Unfortunately, the Batman release day rolled around and I sadly ejected The Witcher from my PS4 and laid him gently in his box with a kiss and a promise to return soon. Okay, I’ve romanticised that a bit. What I actually did was mutter, eject it, shove it in its box and fling it on my desk in a sulk. It felt like I was forcing myself to leave a perfectly good holiday so I could go on another holiday that I wasn’t quite ready for, and a rainy dismal holiday at that. Gotham just doesn’t have the views.

So I began my new life as the Bat. One of the things I hate most about swapping from a long game into another is forcing my fingers to unlearn everything they know. Muscle memory. I don’t need to think about how perform a fast attack, a strong attack or how to switch gear mid fight. My fingers automatically do all the thinking for me. Now suddenly there’s a different button to run, a different button to look at the map and no matter how hard I try I can’t sleep with anyone. I had been playing The Witcher for so long, these actions were ingrained and it felt as though my controller was set up for that game only. What I ended up with was something I like to call Controller Mystification Disorder. R1, R2, touchpad, D-pad up-down-left, touchpad, R1 aaaannnnd … help? I can’t remember which button I need. I start to forget which buttons I used to need. I start to remember the button I needed six months ago when I was playing Minecraft. All I want to do is equip the Batclaw and pull down a simple Riddler trophy but instead my fingers are doing a hillbilly barn dance. I remember having a similar problem when I played Arkham Origins. I forget what the hell I’d been playing before but every time I crept up behind I goon, instead of performing a perfect silent takedown, I boinked him on the back of the head with a batarang. Not good when your goon has his hands on a high-powered bullet dispenser.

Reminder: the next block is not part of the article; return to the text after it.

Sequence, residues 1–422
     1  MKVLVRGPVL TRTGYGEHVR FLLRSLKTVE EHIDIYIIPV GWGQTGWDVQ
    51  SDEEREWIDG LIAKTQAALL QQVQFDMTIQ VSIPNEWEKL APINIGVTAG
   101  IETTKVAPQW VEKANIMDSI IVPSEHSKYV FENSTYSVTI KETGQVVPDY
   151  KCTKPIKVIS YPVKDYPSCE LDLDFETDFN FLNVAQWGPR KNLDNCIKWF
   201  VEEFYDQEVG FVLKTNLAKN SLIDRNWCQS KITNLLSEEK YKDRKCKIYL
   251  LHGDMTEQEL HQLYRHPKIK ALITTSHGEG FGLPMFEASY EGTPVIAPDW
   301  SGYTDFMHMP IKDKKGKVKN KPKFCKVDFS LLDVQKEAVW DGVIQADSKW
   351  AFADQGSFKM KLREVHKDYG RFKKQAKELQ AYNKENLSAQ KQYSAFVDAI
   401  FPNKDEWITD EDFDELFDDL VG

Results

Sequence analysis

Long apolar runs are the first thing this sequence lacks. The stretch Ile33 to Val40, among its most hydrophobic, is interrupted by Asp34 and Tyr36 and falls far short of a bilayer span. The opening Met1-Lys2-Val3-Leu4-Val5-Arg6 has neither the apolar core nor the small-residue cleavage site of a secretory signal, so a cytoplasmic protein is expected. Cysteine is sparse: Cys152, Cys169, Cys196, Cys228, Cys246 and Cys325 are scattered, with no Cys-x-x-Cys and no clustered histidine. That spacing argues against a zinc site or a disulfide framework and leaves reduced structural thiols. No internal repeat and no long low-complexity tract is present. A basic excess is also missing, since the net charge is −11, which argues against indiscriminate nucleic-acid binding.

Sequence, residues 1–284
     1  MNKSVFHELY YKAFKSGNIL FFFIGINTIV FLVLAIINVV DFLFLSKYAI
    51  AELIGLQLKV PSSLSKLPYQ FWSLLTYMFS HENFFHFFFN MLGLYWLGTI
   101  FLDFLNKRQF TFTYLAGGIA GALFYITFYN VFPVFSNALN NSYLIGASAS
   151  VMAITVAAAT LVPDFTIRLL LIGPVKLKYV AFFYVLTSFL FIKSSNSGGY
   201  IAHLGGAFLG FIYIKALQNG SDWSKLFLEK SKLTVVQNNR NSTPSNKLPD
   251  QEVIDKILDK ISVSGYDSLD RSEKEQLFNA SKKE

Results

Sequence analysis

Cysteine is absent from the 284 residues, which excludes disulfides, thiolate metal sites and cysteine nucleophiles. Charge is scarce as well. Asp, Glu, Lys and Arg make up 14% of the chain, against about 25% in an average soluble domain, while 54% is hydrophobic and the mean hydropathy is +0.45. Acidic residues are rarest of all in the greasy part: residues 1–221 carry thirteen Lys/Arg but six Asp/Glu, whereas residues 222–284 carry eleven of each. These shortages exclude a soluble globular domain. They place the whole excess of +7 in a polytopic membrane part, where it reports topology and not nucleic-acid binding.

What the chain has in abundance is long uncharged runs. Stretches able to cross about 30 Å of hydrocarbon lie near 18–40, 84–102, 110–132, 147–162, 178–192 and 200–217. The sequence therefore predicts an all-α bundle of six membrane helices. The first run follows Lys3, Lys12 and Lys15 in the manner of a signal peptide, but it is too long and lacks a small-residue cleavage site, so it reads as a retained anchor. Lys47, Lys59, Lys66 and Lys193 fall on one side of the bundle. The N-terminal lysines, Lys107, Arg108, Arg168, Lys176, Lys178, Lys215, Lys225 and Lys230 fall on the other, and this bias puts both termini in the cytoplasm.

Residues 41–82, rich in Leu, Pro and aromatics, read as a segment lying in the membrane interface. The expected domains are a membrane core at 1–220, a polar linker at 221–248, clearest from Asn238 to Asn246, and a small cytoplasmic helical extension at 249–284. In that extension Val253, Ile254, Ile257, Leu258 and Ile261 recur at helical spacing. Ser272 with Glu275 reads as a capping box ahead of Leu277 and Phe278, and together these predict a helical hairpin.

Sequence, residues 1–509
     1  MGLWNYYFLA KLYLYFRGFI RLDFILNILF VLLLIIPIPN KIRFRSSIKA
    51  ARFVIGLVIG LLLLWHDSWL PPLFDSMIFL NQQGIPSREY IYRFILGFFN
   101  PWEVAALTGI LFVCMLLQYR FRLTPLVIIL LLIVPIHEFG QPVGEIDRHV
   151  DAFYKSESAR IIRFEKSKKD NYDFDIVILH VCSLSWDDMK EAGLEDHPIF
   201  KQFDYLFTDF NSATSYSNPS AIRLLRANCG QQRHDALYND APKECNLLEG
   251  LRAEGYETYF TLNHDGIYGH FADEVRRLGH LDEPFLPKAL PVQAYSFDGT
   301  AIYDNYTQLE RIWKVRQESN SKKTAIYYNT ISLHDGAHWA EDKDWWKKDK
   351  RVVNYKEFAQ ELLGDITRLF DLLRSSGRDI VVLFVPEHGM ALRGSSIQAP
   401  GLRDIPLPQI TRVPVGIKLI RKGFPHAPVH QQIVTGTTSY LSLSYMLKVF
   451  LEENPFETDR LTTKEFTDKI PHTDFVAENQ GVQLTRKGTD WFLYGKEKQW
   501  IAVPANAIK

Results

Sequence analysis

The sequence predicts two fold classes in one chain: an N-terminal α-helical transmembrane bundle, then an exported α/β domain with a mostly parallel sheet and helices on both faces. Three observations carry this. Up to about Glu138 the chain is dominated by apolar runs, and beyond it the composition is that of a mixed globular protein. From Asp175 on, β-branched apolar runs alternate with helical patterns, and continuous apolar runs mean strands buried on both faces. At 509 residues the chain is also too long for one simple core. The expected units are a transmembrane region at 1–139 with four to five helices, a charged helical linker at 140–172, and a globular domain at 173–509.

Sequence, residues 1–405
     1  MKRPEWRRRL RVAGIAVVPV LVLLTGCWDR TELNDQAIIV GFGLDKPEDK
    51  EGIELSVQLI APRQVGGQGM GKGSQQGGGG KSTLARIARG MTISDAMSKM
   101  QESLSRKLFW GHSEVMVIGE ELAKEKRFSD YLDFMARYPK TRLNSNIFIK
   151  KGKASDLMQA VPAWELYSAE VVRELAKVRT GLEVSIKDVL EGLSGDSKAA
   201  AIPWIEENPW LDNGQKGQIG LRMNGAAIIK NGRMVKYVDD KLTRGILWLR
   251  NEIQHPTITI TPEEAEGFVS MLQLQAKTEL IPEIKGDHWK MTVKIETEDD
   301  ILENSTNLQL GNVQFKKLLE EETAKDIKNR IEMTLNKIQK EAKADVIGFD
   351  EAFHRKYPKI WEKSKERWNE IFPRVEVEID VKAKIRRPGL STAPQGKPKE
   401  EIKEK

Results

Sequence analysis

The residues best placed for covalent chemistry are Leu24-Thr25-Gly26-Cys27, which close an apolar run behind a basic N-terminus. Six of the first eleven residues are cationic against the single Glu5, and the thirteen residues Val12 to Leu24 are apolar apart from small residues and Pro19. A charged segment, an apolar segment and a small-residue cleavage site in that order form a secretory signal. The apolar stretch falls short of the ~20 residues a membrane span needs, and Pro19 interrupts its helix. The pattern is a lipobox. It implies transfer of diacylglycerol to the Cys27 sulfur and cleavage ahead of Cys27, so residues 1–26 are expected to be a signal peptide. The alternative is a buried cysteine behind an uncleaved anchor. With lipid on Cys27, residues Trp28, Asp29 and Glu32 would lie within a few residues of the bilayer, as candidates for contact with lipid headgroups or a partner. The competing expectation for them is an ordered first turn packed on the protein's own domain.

Batman: Arkham Knight is a damn good game. It’s very difficult to criticise it without sounding picky. I am happy to admit I didn’t like the Batmobile or the tank combat, despite the mechanics being very sound, but the story was good, gameplay was smooth and the sidequests all tied in nicely. And yet, when I finished the main story and the credits rolled, I felt relieved. I felt as though I’d been grinding when actually I hadn’t. I felt bored when really the game had such variety. I felt impatient and glad it was over. These were not the feelings I was left with after any of the previous games including Arkham Origins. So what was the problem? Geralt was the problem. I had unfinished business in Skellige. I should have swapped back to The Witcher the moment my craving demanded it, but I couldn’t. I was the Batman and I couldn’t stop until Gotham was safe. What kind of hero abandons his people so he can go off Honeysuckle picking? My OCD trapped me in Gotham and I rushed it and resented it.

I often see complaints about not enough games coming out. There’s no decent Christmas line-up blah blah, but how much time do you people have?! One AAA a month is more than enough surely if you’re also playing indies. Last year the October swarm nearly killed me. This October with the Uncharted Collection set to hit, it looks like I’m well on the way to a nervous breakdown. Can I complete them all plus Disgaea and Assassin’s Creed before November and Fallout 4 hits like a nuclear party popper?

Stopping a game when you’re not finished is like turning off a film before the end credits roll. Stopping halfway through, watching a third of a new film and then swapping back would be absolute madness. Games are so much more immersive than films so I don’t know how you can do it and stay sane. All I know is that this autumn I’m going to become a schizophrenic wise-cracking, rope-climbing, sardine-obsessed demonic assassin with a cute German Shepherd. Wish me luck and break me out of the loony bin afterwards.


S J Hollis

S J Hollis has been a keen gamer since the Atari 2600. She freely admits she thought E.T. was a good game but would like to stress her tastes have since dramatically improved. She is also an author, a morning person and thinks Elf ears are sexy. Follow her on twitter @SJHollis_